Monday, September 17, 2007

To Catch a Desperate Housewife

On November 6th, 2006 a district attorney from Texas committed suicide in his home as the world watched, myself included. Police were waiting outside his home to arrest him for soliciting sex with a “13 year old boy” (decoy), and NBC camera crews were waiting there alongside authorities to broadcast the shame and humiliation of a man who had made a big mistake.

Odds are the deceased DA knew his face was soon to be hitting the screens of millions of television screens across America; who hasn’t seen or caught wind of NBC’s To Catch a Predator. I sat stunned. Surely I had not just heard the blast that propelled a bullet into a man’s brain! I felt sick.

Before I go any further, let me advise the reader that this post is not a polemic on the ethics of entrapment as it relates to police/military affairs—something deeper disturbs me about this particular prime time incident.

Certainly the carefree regulations imposed by the FCC on the internet create a massive potential for evil as well as good, particularly when it come to sex and pornography. In fact social networking giant, MySpace, just booted off a behemoth 29,000 sexual predators—29,000 profiles I wouldn’t want my kids coming across.

Why the prolific increase in adults seeking sexual fulfillment with minors? Let’s ask America's favorite promiscuous ladies, the characters of ABC's Desperate Housewives. One particular episode featured a very cool and sexy underage teenager (16) seeking emancipation from his mother in order to get his greedy hands on an inheritance. His alcoholic mother meets a sex addict at her AA meeting—they hook up. Mom wins the court battle, son gets no emancipation, no money. He is so mad at mom he finds the perfect way to get back at her. We see his revenge on our screen as mom walks in on half naked, attractive, boyfriend and half naked, attractive son in bed, post coitus--yep, a forty year old just had sex with a 16 year, old.

Do I need to go any further? A late 50’s prosecuting attorney who has been battling his desire to hook up with an underage young man certainly would NOT be dissuaded by this debauched display. American Media, repent for your hypocrisy!

Sure they are two different networks, owned by two different media giants (GE/Disney), but you don’t have to leave ABC to find sexy young high school engaging their budding sexuality on primetime…check out an episode or two of Friday Night Lights, but be careful, odds are you’ll see a tempting young 17 year old vixen advertising her assets.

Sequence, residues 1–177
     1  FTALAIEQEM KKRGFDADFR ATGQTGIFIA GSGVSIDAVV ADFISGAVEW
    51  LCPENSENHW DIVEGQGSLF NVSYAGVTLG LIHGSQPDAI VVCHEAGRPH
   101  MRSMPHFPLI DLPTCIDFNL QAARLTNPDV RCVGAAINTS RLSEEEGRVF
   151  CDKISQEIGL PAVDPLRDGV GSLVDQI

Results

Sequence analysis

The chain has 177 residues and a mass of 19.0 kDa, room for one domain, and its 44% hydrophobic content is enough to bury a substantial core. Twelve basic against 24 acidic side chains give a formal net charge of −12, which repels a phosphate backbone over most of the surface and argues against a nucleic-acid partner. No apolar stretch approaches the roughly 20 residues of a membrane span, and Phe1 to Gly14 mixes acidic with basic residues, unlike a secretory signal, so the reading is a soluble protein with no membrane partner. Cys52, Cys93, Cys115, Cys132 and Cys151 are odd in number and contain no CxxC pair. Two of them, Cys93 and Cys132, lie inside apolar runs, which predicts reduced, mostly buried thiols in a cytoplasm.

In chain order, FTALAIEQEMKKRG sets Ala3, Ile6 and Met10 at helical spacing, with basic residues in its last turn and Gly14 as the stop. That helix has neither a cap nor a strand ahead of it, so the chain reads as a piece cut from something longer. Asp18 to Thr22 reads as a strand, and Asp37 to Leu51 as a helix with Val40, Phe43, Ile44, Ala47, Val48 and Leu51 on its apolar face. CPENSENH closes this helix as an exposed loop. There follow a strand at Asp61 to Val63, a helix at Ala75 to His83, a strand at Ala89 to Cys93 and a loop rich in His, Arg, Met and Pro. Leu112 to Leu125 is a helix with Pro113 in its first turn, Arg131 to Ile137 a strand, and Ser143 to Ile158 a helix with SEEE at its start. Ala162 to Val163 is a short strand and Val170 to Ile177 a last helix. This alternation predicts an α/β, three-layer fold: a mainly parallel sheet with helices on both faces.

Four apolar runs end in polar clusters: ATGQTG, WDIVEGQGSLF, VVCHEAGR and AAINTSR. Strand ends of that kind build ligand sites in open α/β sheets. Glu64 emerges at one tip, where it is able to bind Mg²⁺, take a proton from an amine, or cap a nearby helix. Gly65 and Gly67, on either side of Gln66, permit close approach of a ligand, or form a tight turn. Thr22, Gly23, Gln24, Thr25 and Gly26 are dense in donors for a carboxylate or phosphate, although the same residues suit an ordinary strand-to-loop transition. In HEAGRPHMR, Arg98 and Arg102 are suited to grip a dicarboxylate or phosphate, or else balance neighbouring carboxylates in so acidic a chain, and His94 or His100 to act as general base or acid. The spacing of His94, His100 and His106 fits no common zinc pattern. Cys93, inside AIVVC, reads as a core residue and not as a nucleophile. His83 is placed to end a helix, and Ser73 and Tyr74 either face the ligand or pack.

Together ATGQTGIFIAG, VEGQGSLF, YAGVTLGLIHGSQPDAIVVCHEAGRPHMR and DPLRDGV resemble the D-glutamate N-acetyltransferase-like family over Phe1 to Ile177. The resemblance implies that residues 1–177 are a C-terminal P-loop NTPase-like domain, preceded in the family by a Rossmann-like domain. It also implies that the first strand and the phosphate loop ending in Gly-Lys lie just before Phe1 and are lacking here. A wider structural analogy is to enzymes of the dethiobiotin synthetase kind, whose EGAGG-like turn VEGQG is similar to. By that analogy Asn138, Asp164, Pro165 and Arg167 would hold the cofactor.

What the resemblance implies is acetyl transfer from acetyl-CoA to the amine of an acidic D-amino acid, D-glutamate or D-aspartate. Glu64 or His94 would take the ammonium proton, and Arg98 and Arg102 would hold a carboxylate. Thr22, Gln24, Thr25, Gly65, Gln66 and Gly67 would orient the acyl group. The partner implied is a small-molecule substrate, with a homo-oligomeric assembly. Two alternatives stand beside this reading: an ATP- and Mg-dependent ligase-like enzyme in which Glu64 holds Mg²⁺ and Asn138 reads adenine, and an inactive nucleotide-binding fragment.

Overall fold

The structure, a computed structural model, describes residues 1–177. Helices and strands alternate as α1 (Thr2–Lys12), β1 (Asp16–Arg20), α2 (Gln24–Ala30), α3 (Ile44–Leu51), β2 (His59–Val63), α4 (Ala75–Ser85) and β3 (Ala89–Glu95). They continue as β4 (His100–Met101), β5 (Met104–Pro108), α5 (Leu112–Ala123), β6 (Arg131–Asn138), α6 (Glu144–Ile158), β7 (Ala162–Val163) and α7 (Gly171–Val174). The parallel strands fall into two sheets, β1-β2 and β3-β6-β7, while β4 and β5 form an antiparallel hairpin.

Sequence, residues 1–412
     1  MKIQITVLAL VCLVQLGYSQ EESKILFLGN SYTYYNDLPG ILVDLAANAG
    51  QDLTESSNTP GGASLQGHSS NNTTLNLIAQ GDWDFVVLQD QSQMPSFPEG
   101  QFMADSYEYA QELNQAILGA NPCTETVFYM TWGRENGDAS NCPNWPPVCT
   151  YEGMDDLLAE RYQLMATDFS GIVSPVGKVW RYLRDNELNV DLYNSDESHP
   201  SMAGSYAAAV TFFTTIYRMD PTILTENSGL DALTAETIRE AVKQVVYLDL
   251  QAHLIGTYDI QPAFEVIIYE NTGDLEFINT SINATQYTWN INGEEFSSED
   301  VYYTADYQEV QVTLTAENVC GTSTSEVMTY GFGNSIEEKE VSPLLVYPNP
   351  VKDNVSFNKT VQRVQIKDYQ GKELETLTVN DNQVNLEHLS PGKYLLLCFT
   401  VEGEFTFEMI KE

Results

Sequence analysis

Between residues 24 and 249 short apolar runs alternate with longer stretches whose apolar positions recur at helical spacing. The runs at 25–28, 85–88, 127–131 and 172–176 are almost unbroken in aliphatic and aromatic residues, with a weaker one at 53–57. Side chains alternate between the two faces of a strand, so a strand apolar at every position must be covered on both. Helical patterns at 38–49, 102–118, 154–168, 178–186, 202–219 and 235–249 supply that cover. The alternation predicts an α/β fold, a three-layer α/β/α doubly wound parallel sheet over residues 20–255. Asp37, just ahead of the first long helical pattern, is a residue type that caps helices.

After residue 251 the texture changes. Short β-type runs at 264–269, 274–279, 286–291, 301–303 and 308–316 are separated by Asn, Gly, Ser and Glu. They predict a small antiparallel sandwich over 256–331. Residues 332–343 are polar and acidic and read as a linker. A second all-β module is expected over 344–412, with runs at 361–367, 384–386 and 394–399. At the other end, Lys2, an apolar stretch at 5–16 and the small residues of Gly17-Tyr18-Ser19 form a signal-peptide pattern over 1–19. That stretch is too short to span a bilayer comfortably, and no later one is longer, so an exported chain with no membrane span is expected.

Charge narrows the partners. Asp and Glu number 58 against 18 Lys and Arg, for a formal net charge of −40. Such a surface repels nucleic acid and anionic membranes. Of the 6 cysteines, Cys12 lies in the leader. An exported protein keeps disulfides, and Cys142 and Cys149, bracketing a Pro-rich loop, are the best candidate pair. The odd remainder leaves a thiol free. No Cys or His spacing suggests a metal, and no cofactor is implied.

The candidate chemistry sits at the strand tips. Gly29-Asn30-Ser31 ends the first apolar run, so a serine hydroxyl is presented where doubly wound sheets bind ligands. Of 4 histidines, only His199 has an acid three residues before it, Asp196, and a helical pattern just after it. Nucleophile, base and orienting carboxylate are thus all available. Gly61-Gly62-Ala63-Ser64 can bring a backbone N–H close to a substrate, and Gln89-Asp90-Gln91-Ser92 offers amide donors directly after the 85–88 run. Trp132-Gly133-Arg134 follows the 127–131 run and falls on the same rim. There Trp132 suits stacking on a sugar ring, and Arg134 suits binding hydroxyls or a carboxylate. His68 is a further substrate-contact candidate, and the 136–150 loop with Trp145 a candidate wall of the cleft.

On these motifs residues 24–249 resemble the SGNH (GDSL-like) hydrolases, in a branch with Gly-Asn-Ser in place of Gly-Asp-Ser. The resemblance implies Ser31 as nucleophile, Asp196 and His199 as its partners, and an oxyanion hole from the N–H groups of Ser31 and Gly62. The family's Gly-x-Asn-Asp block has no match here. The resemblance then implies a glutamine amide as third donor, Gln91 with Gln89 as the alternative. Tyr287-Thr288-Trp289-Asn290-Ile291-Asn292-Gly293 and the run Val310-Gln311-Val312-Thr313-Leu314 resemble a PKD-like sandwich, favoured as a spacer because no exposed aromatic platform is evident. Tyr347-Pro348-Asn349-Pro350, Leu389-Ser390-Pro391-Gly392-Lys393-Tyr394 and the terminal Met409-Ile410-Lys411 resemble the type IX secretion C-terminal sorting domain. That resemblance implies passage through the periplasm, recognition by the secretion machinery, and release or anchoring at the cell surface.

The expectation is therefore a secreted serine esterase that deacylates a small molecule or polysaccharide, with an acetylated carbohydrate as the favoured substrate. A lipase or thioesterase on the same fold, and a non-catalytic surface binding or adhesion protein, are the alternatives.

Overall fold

Yes, sexual predators are a problem; however, a media with an unquenchable thirst for ratings that can only be satisfied by pushing moral boundaries and forcing sexy young teens into adult situations may be at the root of the problem. Was ABC looking to ease its conscience with each episode of To Catch A Predator? I doubt it—just another insatiable story to spike ratings.

3 comments:

Amanda Rickman said...

the media's subject matter is so gross at times...definitely contributing to & feeding on what seems to be a cultural norm anymore.

don't mean to slant everything toward anti-trafficking/prostitution/pornography but it's all very inter-twined. Should it be any surprise that there's an estimated 20,000 women/girls/boys trafficked into the U.S. each year? Primetime tv may portray these things in negative light at times but is SO contradictory when they add it into entertainment as "just the way it is".

RC said...

good thoughts, thanks for sharing them.

this is an important issue, and it's hard to know how to handle it, except to cast your vote by stepping away from the garbage...but also looking for quality that you want to support.

Nate Watson said...

Thanks for commenting...
@Amanda, don't apologize for your personal bias towards bringing awareness to a worldwide moral tragedy...that makes the comment that much more valuable!

@RC, excellent point...an absolute boycott would tell the ratings committees that America is only interested in the negative, since the good nuggets within media are not being watched...a dangerous cycle (media immitate culture/culture immitate media)